Former prisoners are at high risk of death after release, especially during the first two weeks of freedom, a research paper concludes.
“Interventions are necessary to reduce the risk of death after release from prison,” a group of doctors said in a January 2007 manuscript published by the National Institutes of Health.
The first two weeks indicate the risk of death is 12.7 times higher for ex-inmates than it is for other state residents.
The stress of reentering society has been proven as enormous and, in fact, more overwhelming a task than being in prison, the paper concluded, based on data on Washington state prison releases.
Obtaining housing, jobs, transportation, healthcare, acclimating and re-acquainting into the family structure for most former inmates can prove to be a living nightmare.
At the end of 2004, more than 3 percent of adults in the U.S. were in jail, on probation or parole. High mortality rates have also been noted in European and Australian studies concerning former inmates with histories of drug abuse.
“Interventions are necessary to reduce
the risk of death after release from prison”
Women have a much higher rate of death than men do after release from incarceration. Cocaine was the largest contributing factor for overdoses, then heroin, meth and alcohol. The second leading cause of death overall was cardiovascular disease. Homicide (mostly from firearms) came in third. Suicide, cancer and motor vehicles were also important contributors in this survey.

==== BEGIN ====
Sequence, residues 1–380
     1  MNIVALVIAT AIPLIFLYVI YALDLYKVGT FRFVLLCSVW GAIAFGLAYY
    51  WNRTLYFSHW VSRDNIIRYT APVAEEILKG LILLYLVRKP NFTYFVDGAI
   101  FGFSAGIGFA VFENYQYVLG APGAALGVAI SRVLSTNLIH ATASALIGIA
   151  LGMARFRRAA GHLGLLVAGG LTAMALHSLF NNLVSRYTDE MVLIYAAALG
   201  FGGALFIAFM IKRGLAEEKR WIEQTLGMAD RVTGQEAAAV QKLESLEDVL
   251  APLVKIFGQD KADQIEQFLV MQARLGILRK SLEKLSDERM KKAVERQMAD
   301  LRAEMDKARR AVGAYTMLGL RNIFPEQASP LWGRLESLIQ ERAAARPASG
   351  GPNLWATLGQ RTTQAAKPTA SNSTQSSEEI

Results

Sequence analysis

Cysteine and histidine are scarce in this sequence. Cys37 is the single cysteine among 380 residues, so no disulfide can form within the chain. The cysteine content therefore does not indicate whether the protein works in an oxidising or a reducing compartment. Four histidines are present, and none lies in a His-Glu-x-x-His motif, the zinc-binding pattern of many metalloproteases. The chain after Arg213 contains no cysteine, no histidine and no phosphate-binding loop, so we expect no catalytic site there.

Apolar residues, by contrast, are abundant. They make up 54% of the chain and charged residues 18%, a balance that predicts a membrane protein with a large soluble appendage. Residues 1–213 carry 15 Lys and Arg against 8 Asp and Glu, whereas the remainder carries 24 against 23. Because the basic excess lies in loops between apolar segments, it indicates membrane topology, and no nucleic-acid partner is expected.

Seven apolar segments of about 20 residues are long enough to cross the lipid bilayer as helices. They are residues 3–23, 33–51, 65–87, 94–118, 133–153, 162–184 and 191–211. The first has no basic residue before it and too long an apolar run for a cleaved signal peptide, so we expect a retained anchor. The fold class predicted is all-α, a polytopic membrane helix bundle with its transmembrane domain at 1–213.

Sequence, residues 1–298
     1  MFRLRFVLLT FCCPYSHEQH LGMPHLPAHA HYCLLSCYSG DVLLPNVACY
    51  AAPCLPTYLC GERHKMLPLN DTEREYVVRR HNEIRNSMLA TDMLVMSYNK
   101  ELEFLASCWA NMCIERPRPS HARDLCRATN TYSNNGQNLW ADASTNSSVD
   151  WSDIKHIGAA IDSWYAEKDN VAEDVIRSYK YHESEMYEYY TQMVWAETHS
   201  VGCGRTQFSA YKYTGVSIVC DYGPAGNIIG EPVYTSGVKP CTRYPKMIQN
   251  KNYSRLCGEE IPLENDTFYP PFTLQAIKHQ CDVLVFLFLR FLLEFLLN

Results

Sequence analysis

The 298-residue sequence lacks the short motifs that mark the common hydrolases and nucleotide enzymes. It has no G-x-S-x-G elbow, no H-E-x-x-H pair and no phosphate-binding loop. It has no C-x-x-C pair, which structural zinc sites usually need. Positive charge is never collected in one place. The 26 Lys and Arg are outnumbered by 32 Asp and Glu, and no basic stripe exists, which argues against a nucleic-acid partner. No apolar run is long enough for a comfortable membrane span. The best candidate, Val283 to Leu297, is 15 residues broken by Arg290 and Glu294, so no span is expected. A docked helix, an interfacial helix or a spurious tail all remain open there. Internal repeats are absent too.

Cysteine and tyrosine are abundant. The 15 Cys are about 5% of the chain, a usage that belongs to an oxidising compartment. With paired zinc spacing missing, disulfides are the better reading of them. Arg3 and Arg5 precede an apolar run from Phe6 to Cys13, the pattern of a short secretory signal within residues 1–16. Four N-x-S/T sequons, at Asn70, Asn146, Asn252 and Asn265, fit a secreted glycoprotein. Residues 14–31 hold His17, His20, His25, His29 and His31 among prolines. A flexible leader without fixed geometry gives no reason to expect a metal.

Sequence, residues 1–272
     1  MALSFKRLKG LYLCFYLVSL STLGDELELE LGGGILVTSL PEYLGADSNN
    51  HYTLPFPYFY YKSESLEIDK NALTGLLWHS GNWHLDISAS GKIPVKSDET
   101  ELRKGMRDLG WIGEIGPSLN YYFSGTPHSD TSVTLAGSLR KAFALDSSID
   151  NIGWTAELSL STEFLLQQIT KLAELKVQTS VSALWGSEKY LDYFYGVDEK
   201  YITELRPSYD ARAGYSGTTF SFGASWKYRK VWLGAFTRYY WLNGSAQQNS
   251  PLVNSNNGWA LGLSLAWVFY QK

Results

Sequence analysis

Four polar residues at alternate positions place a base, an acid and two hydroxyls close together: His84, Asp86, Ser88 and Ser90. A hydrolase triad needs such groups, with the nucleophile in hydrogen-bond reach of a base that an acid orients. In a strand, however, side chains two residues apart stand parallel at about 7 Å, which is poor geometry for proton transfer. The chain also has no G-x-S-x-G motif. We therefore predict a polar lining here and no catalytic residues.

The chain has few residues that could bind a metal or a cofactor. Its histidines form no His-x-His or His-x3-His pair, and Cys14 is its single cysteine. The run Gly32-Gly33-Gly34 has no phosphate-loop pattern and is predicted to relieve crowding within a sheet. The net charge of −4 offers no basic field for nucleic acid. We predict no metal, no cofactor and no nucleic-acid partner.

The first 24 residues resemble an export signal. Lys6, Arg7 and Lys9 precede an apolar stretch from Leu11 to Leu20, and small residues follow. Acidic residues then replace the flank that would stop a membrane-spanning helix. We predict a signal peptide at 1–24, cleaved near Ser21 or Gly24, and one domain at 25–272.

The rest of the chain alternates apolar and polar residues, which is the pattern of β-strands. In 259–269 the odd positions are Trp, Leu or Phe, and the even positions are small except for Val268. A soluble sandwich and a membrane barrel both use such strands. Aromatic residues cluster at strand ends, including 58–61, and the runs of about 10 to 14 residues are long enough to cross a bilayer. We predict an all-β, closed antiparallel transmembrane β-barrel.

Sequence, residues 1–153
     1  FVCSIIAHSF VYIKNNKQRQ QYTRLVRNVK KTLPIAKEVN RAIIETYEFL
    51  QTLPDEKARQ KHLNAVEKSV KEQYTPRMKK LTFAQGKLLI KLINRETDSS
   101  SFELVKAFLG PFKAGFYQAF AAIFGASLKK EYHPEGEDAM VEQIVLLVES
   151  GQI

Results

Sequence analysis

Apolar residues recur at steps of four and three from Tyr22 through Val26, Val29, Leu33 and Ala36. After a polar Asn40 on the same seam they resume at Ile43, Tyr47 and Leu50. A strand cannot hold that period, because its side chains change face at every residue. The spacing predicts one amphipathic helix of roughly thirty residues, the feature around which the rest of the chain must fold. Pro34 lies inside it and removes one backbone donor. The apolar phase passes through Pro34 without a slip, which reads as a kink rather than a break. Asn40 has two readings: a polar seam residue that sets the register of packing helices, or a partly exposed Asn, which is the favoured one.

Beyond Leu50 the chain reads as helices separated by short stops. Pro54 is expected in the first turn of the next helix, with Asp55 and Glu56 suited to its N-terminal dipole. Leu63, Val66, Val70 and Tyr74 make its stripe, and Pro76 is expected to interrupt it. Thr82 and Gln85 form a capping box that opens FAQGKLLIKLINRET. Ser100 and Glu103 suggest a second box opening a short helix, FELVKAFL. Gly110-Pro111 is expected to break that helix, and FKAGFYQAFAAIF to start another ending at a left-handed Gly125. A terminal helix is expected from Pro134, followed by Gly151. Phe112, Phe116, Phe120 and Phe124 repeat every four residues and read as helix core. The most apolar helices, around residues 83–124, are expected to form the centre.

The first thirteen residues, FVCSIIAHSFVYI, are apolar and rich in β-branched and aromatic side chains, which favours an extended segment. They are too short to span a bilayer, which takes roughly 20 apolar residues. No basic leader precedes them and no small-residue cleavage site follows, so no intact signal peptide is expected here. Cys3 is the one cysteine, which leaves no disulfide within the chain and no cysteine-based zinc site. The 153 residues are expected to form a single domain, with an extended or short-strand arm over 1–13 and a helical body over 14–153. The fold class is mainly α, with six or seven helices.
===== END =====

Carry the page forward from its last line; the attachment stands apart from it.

Death from violence, unintentional injury and a lapse in treatment of chronic conditions are also major factors for former inmates after release.
The transition from prison to community intervention programs including halfway houses, work release, drug treatment, education on overdoses and preventive care to modify cardiac stress could help lower these risk factors.
Improving access to intensive medical and mental health care case management after releasing inmates could also benefit society by increasing public safety and reducing recidivism in the long term, the paper said.
The Washington state Centers for Disease Control and Prevention, the National Death Index and the Online Data for Epidemiological Research systems of the Centers for Disease Control and Prevention were used to produce these comparisons of released inmates between July 1999 and December 2003.